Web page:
I will quote from another part of the document, ask a few questions, and then I will be finished, I promise. In the Introduction to Part Four, there is this passage: 
For legitimate reasons of responsible parenthood, married couples may limit the number of their children by natural means. The Church cannot approve contraceptive interventions that "either in anticipation of the marital act, or in its accomplishment or in the development of its natural consequences, have the purpose, whether as an end or a means, to render procreation impossible." Such interventions violate "the inseparable connection, willed by God . . . between the two meanings of the conjugal act: the unitive and procreative meaning."
Now, I know that when Catholics use the term 'God' they're referring to their god, and I know, because I've researched the matter, that this god is one of hundreds, indeed thousands of gods, major and minor, universal and local, that people have believed in and do believe in throughout the space and time of this planet. So I'm wondering whether all the marital acts, of all kinds [and think of all the many different cultures and religions that have celebrated these acts] have been willed by your god, according to your church, and how you come to this conclusion. Does your beloved book, The Bible, state this explicitly anywhere? I will say nothing for now about the unitive and procreative meanings of the conjugal act, for now, because I think I may have already asked too many questions in this preliminary letter. I suppose I'm wondering whether your god, God, only connects Catholics in marriage by his will, or does he even connect those who reject or are ignorant of your god?  And how do you know the answer to this - whichever answer is correct?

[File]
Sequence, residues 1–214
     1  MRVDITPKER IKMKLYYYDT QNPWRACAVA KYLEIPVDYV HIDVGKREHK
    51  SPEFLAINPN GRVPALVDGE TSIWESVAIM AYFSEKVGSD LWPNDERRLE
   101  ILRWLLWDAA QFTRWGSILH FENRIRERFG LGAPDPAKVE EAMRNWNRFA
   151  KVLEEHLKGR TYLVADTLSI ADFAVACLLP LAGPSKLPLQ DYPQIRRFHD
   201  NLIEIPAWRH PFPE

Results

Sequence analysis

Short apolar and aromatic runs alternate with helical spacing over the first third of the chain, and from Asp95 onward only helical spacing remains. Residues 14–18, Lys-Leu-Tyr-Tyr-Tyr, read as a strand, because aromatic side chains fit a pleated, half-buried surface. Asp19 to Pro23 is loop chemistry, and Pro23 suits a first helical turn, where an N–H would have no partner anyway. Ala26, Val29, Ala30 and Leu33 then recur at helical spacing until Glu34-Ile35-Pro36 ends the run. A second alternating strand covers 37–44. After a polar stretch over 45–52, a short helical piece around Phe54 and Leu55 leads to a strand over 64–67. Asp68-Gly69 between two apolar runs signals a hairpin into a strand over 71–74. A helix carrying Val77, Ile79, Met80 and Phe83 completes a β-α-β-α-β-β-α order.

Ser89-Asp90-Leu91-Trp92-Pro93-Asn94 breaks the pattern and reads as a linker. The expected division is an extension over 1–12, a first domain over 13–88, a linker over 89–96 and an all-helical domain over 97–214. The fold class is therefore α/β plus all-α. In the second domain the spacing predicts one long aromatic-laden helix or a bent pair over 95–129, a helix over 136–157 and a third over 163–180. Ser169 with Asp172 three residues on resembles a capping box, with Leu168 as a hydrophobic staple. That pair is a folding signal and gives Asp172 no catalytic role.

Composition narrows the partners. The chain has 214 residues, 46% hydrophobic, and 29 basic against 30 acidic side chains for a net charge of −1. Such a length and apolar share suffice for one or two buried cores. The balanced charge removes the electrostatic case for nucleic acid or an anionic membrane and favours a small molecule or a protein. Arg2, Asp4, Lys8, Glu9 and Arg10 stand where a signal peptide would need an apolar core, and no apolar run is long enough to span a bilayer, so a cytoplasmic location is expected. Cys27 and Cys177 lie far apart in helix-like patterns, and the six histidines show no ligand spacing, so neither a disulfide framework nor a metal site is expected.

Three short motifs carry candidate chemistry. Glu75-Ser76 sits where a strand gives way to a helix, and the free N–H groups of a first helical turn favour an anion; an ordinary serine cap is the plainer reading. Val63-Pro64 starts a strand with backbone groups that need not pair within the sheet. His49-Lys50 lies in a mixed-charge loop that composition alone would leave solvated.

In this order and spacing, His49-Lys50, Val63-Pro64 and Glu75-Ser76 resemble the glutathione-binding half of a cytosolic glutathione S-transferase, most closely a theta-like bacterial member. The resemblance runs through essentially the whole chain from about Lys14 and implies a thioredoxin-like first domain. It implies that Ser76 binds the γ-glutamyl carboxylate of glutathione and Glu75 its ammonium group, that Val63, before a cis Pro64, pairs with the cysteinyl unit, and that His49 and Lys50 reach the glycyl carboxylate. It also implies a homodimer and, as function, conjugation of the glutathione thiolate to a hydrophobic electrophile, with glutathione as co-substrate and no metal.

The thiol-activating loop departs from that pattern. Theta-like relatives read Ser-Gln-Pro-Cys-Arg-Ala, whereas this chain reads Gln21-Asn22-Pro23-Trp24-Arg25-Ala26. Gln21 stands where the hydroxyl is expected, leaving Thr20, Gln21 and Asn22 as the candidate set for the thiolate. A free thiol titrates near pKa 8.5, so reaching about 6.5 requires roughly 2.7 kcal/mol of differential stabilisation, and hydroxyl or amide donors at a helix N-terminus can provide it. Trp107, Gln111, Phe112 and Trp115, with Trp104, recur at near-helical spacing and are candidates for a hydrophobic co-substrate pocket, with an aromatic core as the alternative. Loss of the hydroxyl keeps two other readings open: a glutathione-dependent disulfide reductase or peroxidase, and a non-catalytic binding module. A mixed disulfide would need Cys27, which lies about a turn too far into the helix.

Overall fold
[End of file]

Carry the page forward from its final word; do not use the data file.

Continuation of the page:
I thank you and your team for their patience, and I look forward to your response. 

I've printed out a very slightly edited version of this letter ready for sending to the pontiff.

No comments:

Post a Comment